As we collectively grieve the death of faculty member Gail Carney, we continue our series of personal stories and anecdotes to share glimpses into the impact she made on her colleagues and friends.
What I treasure most about Gail is there was something solid in her you could lean against and find rest in. She exemplified what it meant to be a caring alpha in so many ways from her shielding, matchmaking, collecting, and how she continues to bridge to this day. She didn’t shy away from hard conversations, offered unique perspectives on topics and issues, and didn’t fail to lead, even when it came time to helping us let go of her. As I reflect and try to find words to describe who Gail was, I feel the smallness of these letters in relation to her strength, courage, and magnitude as a person.
Gail left so much of herself behind. Her writing and teachings still live on, preserved in perpetuity on the Neufeld virtual campus. I also hold onto memories of shared times including afternoons of theoretical conversations, exchanging information on new books, doing pottery with my kids, and laughing about all that was absurd in our lives.
While Gail visited me one day, my four-year-old started circling us like a shark, conveying her need to be the centre of my attention. I tried to engage my daughter’s interest in colouring, but she took the piece of paper, crumpled it up, and threw it. I sat my daughter on my lap, but she proceeded to sit on the floor. On and on my daughter’s resistance went, with Gail quietly taking note. At one point I just stopped and asked my daughter if she was going to continue to do the opposite of everything I suggested. My daughter burst into a big grin and said, “Yes!”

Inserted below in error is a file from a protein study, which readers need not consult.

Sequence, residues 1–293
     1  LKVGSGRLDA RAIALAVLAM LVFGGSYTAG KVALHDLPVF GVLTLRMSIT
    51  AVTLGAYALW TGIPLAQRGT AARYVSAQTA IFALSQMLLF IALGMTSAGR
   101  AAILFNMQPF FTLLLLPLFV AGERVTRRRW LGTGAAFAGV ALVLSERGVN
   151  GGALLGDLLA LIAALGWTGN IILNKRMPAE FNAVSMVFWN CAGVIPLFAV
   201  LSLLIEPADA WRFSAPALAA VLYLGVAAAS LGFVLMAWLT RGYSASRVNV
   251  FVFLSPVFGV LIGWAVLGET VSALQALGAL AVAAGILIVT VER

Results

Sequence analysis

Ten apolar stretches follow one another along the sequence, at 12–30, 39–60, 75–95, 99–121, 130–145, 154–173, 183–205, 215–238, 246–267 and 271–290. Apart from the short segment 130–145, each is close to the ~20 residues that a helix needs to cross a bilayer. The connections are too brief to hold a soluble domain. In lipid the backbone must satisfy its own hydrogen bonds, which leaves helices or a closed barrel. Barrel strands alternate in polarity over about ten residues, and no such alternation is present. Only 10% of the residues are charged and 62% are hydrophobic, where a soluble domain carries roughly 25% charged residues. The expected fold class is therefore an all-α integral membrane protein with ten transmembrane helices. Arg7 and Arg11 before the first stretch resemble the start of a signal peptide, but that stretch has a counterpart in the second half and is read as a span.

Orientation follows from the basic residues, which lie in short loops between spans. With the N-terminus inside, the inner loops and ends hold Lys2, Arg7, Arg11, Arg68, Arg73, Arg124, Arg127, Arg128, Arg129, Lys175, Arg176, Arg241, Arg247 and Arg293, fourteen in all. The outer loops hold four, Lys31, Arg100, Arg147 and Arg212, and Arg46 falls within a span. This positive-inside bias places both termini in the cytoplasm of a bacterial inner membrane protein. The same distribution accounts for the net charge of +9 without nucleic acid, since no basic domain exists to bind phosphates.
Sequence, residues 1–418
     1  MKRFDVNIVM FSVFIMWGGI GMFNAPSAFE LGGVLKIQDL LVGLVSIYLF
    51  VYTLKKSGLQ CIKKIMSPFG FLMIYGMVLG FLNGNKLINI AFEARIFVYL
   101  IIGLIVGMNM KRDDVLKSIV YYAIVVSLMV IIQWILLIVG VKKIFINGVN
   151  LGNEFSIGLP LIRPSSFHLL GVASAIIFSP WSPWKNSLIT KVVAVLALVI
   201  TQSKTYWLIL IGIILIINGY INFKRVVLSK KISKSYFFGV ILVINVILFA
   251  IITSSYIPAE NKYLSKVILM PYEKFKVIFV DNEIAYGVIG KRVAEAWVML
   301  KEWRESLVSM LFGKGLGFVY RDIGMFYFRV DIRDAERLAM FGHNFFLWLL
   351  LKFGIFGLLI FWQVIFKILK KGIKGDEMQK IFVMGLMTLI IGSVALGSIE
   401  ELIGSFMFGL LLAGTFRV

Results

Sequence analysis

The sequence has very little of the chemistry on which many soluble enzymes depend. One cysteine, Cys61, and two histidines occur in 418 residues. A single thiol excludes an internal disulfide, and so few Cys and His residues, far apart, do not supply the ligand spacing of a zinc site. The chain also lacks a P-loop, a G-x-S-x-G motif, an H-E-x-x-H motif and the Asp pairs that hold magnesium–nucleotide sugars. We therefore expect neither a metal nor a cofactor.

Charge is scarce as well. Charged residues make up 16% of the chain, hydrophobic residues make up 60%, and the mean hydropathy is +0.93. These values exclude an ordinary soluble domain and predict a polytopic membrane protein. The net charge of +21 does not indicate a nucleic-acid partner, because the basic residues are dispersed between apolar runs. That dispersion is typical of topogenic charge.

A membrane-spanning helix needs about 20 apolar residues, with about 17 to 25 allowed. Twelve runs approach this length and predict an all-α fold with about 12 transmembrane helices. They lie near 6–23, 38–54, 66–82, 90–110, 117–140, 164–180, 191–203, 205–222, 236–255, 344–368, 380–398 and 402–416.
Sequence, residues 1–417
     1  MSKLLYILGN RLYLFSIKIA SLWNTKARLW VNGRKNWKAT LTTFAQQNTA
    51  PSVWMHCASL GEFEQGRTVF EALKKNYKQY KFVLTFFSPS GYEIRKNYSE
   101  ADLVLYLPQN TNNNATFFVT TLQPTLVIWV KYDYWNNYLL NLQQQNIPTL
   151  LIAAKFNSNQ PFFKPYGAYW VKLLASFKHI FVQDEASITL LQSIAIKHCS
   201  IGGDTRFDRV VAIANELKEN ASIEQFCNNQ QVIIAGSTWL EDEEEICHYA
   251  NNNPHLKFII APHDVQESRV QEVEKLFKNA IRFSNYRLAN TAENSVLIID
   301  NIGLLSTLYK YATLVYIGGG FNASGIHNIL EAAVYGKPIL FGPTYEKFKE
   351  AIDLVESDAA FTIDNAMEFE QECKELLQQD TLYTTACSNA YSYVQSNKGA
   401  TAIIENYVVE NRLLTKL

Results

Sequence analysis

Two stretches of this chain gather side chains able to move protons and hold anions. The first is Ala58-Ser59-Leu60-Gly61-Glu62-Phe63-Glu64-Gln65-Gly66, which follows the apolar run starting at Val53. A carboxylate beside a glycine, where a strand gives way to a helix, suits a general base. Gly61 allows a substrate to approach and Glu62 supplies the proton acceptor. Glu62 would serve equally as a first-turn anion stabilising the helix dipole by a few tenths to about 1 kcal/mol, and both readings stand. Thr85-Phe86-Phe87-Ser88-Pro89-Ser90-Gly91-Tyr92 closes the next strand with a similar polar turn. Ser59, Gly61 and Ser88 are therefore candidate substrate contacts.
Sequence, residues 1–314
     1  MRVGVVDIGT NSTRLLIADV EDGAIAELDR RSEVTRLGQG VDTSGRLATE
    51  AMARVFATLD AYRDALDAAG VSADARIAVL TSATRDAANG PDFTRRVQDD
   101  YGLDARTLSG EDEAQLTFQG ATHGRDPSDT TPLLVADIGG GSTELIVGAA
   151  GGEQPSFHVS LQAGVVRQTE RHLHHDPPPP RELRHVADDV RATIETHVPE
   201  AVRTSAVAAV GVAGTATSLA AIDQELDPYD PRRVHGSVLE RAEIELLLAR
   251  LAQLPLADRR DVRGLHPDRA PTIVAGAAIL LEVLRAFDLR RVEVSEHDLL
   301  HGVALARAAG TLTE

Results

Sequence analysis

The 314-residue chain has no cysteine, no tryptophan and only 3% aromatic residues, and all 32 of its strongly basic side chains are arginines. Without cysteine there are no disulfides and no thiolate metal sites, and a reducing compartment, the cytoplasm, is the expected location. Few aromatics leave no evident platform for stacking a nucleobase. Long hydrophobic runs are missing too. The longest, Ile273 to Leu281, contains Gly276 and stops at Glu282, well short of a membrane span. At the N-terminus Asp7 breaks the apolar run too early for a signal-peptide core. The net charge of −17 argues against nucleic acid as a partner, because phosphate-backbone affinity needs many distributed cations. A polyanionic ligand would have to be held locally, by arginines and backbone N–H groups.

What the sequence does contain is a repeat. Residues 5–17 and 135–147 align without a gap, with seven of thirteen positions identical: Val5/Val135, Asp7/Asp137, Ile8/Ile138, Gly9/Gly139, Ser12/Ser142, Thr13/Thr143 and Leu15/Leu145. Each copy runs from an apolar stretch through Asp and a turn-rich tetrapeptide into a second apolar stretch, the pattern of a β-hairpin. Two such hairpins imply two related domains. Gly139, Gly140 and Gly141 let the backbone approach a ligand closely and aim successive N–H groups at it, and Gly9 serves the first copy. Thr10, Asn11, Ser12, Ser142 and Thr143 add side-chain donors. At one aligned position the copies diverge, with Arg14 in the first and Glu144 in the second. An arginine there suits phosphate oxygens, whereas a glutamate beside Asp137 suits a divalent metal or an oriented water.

I can still hear the roar of Gail’s laughter, and mine shortly after, as my daughter’s counterwill was on display and celebrated. It was this counterwill instinct that I felt most akin to Gail with and it was the unspoken ease with which we gave each other permission to have our own minds that I will dearly miss. It is her voice in my head sometimes in remembering her proclamation that, “The problem with alpha caretakers is you don’t say ‘no’ enough and you ought to remember to do this more often!”
Gail was a formidable woman, is truly irreplaceable, and exemplifies to the core what it means to be “one of a kind.”
Editor’s Note: A scholarship fund has been established in Gail’s memory. For more tributes to Gail, links to some of her art and her writings, and information about the Gail Eleanor Carney Scholarship Fund, please visit our Gail Remembered page.